- Nike's "For Once, Don't Do It" ad was perceived as empowering by 60% of respondents in a recent Ace Metrix study shared with Marketing Dive. The spot, released on May 29, serves as the company's response to George Floyd's murder and subsequent protests around the world.
- The ad found that the general population of consumers ages 16 to 49 perceived the spot as more empowering than 98% of all other ads. However, it also saw a higher "exploit" signal than either of its 2018 ads starring Colin Kaepernick. Consumers that found the new ad exploitive were not against the message, but rather, they said they didn't want to see a corporation taking advantage of the situation to sell shoes.
- Similar to the Kaepernick spots, which faced backlash online but were found to be less polarizing than social media suggested, the new ad scored positively for purchase intent and generated lower negative purchase intent, signaling that people were unlikely to boycott Nike this time around, per Ace Metrix.
Ace Metrix's research suggests that consumers are connecting to ads that take a more direct stand against injustices — in Nike's latest case, racism and police brutality — and that doing so empowers viewers. Nike released the 60-second "For Once, Don't Do It" last week using the hashtag #UntilWeAllWin. The message resonated so strongly that rival brand Adidas retweeted the message, extending its reach to a greater pool of consumers.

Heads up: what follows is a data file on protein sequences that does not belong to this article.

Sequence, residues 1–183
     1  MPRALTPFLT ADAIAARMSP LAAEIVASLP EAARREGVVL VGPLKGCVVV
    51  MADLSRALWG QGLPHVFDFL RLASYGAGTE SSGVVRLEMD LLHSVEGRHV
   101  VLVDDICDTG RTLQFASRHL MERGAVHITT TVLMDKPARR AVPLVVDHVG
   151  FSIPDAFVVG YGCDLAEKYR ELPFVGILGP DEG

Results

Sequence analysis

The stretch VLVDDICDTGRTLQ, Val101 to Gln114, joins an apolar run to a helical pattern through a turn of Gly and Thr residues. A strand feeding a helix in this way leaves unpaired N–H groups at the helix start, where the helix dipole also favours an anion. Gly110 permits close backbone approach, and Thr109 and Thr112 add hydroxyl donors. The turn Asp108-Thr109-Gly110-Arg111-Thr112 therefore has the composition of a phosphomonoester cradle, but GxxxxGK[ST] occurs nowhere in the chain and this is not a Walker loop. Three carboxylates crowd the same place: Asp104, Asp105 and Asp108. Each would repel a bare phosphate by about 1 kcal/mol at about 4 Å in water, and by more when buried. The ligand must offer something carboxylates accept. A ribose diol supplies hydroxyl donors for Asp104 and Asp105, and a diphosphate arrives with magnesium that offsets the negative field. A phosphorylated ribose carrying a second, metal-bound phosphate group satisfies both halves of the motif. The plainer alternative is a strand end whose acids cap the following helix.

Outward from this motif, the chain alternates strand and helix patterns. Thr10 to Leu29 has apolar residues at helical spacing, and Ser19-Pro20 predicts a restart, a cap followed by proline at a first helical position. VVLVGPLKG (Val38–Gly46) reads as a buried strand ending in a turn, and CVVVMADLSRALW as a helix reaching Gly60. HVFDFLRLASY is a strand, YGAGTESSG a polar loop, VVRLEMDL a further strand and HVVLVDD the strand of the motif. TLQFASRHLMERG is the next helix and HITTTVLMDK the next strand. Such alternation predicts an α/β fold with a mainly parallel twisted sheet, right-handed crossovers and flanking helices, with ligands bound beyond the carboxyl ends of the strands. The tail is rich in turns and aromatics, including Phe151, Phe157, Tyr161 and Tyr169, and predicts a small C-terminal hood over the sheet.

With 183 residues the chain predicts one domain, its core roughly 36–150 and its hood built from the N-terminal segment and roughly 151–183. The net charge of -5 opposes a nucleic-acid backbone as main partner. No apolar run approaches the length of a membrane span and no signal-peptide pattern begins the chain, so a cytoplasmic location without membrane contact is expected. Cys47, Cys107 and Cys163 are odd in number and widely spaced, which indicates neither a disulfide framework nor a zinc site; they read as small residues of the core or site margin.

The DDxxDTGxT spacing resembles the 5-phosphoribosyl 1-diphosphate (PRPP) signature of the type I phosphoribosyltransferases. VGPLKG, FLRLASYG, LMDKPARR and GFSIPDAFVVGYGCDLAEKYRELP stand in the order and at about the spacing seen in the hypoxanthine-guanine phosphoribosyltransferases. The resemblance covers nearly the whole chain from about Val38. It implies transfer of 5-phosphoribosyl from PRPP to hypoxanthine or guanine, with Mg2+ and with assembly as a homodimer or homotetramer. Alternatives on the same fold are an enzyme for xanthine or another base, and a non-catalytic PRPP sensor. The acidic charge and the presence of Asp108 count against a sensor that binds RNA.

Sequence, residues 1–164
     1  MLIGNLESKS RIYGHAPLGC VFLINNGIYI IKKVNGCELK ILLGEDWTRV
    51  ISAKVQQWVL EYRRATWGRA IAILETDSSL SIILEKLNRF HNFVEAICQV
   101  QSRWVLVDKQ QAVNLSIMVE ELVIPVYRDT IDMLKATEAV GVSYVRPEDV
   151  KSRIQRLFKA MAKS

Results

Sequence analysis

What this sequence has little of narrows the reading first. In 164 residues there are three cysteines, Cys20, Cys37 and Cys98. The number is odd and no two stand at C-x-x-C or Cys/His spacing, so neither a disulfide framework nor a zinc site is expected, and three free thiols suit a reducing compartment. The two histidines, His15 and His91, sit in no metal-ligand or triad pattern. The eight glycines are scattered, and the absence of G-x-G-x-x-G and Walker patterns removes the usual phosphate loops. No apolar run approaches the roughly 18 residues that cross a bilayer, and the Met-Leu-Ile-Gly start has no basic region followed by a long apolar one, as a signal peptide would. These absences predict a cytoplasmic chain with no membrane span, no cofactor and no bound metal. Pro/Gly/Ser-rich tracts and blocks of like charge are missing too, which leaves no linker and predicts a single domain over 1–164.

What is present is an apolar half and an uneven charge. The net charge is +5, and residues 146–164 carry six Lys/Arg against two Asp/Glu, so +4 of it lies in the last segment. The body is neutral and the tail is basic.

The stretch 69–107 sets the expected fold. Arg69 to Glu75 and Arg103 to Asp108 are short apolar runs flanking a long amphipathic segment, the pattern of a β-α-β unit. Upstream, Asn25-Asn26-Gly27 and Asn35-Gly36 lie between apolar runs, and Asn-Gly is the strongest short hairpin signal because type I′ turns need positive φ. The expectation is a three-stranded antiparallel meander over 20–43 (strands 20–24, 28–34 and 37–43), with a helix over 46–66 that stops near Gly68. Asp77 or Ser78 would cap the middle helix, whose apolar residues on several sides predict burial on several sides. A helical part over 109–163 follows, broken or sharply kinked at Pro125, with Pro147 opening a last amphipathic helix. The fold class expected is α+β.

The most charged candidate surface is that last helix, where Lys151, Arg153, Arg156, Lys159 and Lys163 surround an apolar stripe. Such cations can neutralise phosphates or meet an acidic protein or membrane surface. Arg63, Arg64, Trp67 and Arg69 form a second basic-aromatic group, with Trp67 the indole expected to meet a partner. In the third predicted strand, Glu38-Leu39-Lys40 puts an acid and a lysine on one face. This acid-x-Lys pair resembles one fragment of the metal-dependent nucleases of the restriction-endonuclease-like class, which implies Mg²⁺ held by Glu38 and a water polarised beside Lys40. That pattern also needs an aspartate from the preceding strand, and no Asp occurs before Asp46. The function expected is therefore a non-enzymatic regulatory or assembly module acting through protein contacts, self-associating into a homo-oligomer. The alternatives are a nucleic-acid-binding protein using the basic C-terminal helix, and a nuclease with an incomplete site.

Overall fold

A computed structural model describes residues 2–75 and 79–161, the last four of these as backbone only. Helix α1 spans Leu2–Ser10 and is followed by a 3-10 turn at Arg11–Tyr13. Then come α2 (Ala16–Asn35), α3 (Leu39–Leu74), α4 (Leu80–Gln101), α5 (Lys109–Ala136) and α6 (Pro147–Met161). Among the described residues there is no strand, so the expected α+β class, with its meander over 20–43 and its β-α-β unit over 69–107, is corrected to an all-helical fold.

For years, Nike has taken a position through its marketing in support of the growing number of people around the country angered by police brutality. For the 30th anniversary of its "Just Do It" campaign in 2018, the brand worked with Colin Kaepernick. The former quarterback was a divisive choice for the face of the campaign because he rose to prominence for protesting police brutality by "taking a knee" during the National Anthem at a game, an action that drew large groups of both supports and detractors.
The Kaepernick campaign drew controversy for Nike with some consumers reacting negatively and viewing the efforts as polarizing. However, Nike's new "For Once, Don't Do It" spot appears to be less controversial, Ace Metrix's study suggests. Most respondents who viewed the ad negatively reported disliking Nike's using the message of supporting racial justice as a means to sell shoes. The ad comes as consumers are increasingly demanding brands take the lead on putting people before profits.